People send money because they're in the habit of sending money by mail. Charity is habit forming; giving by mail is a special variety of this benign affliction. When he became involved in direct mail fund raising in the late 70s, he was told that only about one in four adults Americans were "mail responsive" – that is, susceptible to offers or appeals by mail. By the turn of the century, according to the Simmons Market Research Bureau, two out of every three adults were buying goods or services by mail or phone every year. Many purchases implied telemarketing – but there's no doubt Americans are now more mail responsive.
Surveys also reflect the growing importance of direct mail benefits in the fund raising process. Research shows that fund raising letters are the top source of new gifts to charity in America.
People send money because they support organizations like yours. Your donors are not yours alone, no matter what you think. Because they have special interests, hobbies and distinct beliefs, they may support several similar organizations. A dog owner, for example, may contribute to half a dozen organizations that have some connection to dogs or a wildlife protection group. A person who sees himself as an environmentalist might be found on the membership rolls of five or six ecology-related groups: one dedicated to land conservation, another to protecting the wilderness, a third to saving endangered species or the rain forest and so on. There are patterns in people's lives. Your appeal is most likely to bear fruit if it fits squarely into one of those patterns.
People send money because their gifts will make a difference. Donors want to be convinced that their investment in your enterprise – their charitable gifts – will achieve some worthy aim. That's why so many donors express concern about high fund raising and administrative costs. It's also why successful opportunities for funds often quantify the impact of a gift: $ 35 to buy a school uniform, $ 40 for a stethoscope, $ 7 to feed a child for a day. Donors want to feel good about their gifts. Your donors are striving to be effective human beings. You help them by demonstrating just how effective they really are.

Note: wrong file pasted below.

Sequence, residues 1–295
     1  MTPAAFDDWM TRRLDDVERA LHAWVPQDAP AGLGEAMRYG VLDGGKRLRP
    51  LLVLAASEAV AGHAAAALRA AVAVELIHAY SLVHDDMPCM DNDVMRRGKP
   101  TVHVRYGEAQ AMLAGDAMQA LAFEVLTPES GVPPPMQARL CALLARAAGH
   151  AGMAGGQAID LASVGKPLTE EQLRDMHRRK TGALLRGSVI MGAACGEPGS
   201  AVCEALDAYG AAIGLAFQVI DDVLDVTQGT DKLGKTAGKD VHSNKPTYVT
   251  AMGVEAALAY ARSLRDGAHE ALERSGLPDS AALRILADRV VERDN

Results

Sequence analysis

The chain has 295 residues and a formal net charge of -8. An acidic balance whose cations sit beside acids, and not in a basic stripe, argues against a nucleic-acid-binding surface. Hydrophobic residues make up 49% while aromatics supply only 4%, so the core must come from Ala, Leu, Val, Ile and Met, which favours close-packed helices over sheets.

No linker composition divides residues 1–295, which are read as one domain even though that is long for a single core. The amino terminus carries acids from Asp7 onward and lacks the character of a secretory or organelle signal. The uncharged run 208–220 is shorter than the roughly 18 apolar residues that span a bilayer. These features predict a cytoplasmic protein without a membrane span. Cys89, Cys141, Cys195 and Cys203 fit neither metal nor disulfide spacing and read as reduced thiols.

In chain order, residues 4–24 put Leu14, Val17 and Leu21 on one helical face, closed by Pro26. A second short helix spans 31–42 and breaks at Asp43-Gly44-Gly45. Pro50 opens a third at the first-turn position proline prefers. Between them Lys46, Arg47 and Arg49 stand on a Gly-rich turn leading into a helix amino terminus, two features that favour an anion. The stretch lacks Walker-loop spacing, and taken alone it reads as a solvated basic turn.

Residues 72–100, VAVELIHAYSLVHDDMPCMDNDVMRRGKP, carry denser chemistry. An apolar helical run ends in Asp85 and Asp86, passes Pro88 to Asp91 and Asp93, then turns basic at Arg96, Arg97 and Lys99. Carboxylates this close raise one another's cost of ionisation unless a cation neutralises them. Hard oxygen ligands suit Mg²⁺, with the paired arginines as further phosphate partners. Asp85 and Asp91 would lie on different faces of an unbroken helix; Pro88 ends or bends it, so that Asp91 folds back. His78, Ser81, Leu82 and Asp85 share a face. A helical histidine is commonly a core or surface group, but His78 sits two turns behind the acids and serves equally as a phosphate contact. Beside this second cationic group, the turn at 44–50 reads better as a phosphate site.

People send money because gifts will accomplish something right now. Urgency is a necessary element in a fund rising letter. Implicitly or explicitly, every successful appeal has a deadline: the end of the year, the opening of the school, the deadline for the matching grant, the limited press run on the book available as a premium. But the strong attraction in circumstances such as these is best illustrated if no such urgent conditions apply. If the money your donor sends you this week will not make a difference right away, should not the donor send money to some other charity that has asked for donor support and urgently needs it?
People send money because you give them the opportunity to "belong" – as a member, friend, or supporter – and then you help them fight loneliness. Your most fundamental task as a fundraiser is to build relationships with your donors. That's why there are so many organizations use membership programs, giving clubs and monthly gift societies. The process of solicitation itself can help build healthy relationships. Shut-ins, for example, or older people with distant family and few friends, may eagerly anticipate the letters you send. Most of us are social animals, forever seeking companionship.